Ride Share Driving with a Tesla Model 3

July 8, 2021

Rideshare Driving with a Tesla Model 3 

Ben­jamin West­by next to his Tes­la, dressed in a Yeti suit for his Ele­men­tary School's staff Christ­mas party

Rideshare dri­ving is a pop­u­lar side-hus­tle or full-time job. Dri­ving an elec­tric vehi­cle may be the best way to max­i­mize your earn­ings as dri­vers don’t need to shell out large amounts of mon­ey for gas, or pay for more com­mon oil changes as a result of high­er mileage. Ben­jamin West­by, 5th grade teacher and Tes­la Mod­el 3 own­er, is the Pres­i­dent of the West­ern Col­orado EV Club. Dur­ing his sum­mers off start­ing last year, he has begun dri­ving for rideshar­ing ser­vices Lyft and Uber. Aside from being a great way to make some pock­et change, Ben has enjoyed explor­ing the range of his Tes­la and chat­ting with pas­sen­gers about elec­tric vehicles. 

Charg­ing in New Cas­tle, Colorado
Charg­ing at 750 Main St in Grand Junc­tion Col­orado while dri­ving for Uber

This is the first sum­mer Ben has been rideshare dri­ving full-time. He dri­ves around the Roar­ing Fork Val­ley, Grand Junc­tion, and Glen­wood Springs as these pop­u­lar, touristy loca­tions often hold more pas­sen­gers wait­ing for a ride. Start­ing his day around 8 am and end­ing around din­ner­time, Ben has found an effi­cient sched­ule that max­i­mizes his work time while giv­ing him time to charge his car and rest. Upon leav­ing home with a full charge, Ben plugs in around 10% after dri­ving 200 miles, and charges just enough to get home, pay­ing only about $5-$6 every day. With elec­tric­i­ty cost­ing around 11 cents per kWh from Xcel Ener­gy, Ben saves hun­dreds of dol­lars to “fuel” his car in com­par­i­son to the dri­vers who use gas-pow­ered cars. Putting it into per­spec­tive, he owns a Volk­swa­gen Jet­ta which gets around 30 mpg (bet­ter than many gas-pow­ered cars) and if he were to use this car for rideshare dri­ving, he’d be pay­ing $45 for every 350 miles on top of main­te­nance costs. With more fre­quent dri­ving, this means more oil changes ($80 per 8,000 miles) in addi­tion to more gen­er­al main­te­nance. Time is mon­ey when you’re a rideshare dri­ver and set­ting aside time for rou­tine main­te­nance is one incon­ve­nience that Ben is hap­py to be avoid­ing. The only main­te­nance Ben has done for his Tes­la was to replace its wash­er flu­id and he doesn’t expect any major main­te­nance any­time soon.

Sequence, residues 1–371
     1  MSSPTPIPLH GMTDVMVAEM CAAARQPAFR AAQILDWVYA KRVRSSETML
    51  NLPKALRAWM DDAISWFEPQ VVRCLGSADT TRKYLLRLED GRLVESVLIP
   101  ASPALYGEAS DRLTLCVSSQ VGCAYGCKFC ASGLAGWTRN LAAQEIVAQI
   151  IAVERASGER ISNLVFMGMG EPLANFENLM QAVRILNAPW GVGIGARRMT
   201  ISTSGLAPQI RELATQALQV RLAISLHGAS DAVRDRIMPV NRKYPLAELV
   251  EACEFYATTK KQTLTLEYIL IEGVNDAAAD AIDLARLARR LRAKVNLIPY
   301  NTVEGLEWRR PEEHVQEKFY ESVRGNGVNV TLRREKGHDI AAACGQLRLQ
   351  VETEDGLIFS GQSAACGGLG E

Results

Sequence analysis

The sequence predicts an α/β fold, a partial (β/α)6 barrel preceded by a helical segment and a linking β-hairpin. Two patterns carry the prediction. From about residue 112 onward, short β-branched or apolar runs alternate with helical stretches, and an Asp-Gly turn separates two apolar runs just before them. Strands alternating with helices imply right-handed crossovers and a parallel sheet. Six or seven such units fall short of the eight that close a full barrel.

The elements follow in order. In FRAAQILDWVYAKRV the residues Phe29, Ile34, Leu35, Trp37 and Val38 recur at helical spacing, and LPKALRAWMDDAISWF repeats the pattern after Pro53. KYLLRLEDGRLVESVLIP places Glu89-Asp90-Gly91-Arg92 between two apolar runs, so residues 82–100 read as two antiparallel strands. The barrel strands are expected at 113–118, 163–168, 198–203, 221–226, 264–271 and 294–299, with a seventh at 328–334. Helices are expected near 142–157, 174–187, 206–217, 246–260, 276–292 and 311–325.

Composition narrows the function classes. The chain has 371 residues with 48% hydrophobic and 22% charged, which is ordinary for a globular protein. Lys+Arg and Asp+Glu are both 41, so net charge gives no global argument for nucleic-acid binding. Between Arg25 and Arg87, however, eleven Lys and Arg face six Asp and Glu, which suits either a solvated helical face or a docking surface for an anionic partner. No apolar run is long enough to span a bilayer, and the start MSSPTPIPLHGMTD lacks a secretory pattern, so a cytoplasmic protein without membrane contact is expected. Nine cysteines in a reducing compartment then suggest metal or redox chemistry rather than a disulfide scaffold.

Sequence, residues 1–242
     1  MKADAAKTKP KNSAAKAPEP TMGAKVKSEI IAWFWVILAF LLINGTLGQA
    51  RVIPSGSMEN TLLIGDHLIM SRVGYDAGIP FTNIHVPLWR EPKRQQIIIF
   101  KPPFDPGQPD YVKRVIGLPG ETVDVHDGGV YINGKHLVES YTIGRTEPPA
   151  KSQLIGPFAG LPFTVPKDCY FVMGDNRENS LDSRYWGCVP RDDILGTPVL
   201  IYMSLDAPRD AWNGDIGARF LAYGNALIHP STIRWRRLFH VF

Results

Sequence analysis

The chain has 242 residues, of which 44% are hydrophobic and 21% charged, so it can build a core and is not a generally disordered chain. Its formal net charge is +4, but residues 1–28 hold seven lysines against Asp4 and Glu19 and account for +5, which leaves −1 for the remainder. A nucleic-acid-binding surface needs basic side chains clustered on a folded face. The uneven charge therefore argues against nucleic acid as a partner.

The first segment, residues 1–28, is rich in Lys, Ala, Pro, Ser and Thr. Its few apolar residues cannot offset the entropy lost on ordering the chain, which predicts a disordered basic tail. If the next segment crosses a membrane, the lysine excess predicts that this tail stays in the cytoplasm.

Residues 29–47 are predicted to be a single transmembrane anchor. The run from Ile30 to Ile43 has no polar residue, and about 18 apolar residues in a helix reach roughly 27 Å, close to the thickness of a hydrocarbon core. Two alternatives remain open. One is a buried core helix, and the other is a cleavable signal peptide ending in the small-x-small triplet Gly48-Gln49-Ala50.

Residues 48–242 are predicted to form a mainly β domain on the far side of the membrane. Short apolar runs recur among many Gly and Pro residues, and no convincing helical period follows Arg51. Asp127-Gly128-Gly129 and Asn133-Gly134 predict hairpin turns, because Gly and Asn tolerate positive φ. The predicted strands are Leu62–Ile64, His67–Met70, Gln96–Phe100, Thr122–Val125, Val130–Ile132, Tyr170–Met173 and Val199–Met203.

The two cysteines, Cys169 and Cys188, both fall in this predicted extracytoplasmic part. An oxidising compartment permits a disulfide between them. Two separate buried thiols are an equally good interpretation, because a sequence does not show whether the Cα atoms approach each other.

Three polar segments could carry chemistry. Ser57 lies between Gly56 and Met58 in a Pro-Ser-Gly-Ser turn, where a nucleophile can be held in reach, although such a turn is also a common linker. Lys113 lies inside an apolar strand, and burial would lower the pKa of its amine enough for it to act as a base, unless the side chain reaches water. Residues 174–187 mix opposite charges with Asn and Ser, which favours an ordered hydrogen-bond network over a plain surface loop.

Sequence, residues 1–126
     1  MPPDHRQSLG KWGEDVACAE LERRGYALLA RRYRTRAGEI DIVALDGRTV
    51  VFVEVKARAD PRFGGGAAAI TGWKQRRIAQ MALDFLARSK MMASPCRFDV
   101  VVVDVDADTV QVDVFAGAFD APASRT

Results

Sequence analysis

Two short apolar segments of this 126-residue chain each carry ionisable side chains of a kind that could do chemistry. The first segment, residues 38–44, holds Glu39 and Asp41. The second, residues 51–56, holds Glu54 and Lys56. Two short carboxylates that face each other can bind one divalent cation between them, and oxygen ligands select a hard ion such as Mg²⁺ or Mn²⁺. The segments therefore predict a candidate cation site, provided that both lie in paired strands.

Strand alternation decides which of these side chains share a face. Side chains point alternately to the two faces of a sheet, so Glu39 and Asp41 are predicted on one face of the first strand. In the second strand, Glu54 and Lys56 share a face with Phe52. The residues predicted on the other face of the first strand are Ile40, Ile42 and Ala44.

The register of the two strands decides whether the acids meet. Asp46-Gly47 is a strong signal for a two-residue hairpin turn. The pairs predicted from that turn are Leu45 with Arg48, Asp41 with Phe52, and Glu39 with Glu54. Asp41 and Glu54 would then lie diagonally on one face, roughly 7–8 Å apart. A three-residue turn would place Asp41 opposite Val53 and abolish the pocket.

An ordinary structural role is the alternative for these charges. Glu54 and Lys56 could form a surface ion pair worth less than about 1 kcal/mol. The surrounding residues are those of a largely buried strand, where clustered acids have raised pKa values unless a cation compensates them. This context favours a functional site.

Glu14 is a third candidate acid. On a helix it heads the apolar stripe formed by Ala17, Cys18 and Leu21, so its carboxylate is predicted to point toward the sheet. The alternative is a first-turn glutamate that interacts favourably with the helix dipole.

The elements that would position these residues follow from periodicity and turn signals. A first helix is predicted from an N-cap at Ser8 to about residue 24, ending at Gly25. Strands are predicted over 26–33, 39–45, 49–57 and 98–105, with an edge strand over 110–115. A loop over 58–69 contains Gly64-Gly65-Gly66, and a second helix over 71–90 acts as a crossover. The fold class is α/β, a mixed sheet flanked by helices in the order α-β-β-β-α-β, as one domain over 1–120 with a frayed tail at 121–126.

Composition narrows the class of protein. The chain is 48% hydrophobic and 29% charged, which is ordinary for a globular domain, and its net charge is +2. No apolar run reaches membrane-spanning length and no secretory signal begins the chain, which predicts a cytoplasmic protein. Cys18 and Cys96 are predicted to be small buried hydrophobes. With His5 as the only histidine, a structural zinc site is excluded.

Ben loves rid­ing in his Tes­la, and so do his pas­sen­gers! They’ve com­ment­ed on the mod­ern, sleek inte­ri­or and the qui­et, com­fort­able ride. With fea­tures like pre-sched­uled air con­di­tion­ing, frunk space for lug­gage, a glass sun­roof, and a large nav­i­ga­tion screen that allows his pas­sen­gers to eas­i­ly see their route from the back­seat, it’s no won­der Ben has received the “Cool Car” badge from Uber and Lyft as well as high ratings. 

As the only EV rideshare dri­ver he’s noticed in his area, Ben has not­ed an increase in oth­er EV mod­els in his com­mu­ni­ty, indi­cat­ing EV growth. Two years ago, his car was one of two Tes­las in town, and now there are about eight total. Addi­tion­al­ly, he’s spot­ted the Kia Niro EV, Fiat 500e, Chevy Bolts, the Mus­tang Mach‑E, and the VW ID.4. Even though he lives in a more rur­al area, he’s cred­it­ed the fast charg­ing cor­ri­dor infra­struc­ture imple­ment­ed by the Col­orado Ener­gy Office for pro­vid­ing acces­si­ble charg­ing in small towns. This allows him to dri­ve to areas that may have been inac­ces­si­ble in the past and will hope­ful­ly encour­age oth­er dri­vers in sim­i­lar rur­al areas to adopt an EV. Ben encour­ages oth­ers to try out rideshare dri­ving in an EV — it’s fun, max­i­mizes your earn­ings, and the more peo­ple who get to ride in an EV, the better!

Want to get in touch with Ben? Find him here:

Twit­ter: @jaminwestby

FB: West­ern Col­orado EV Club


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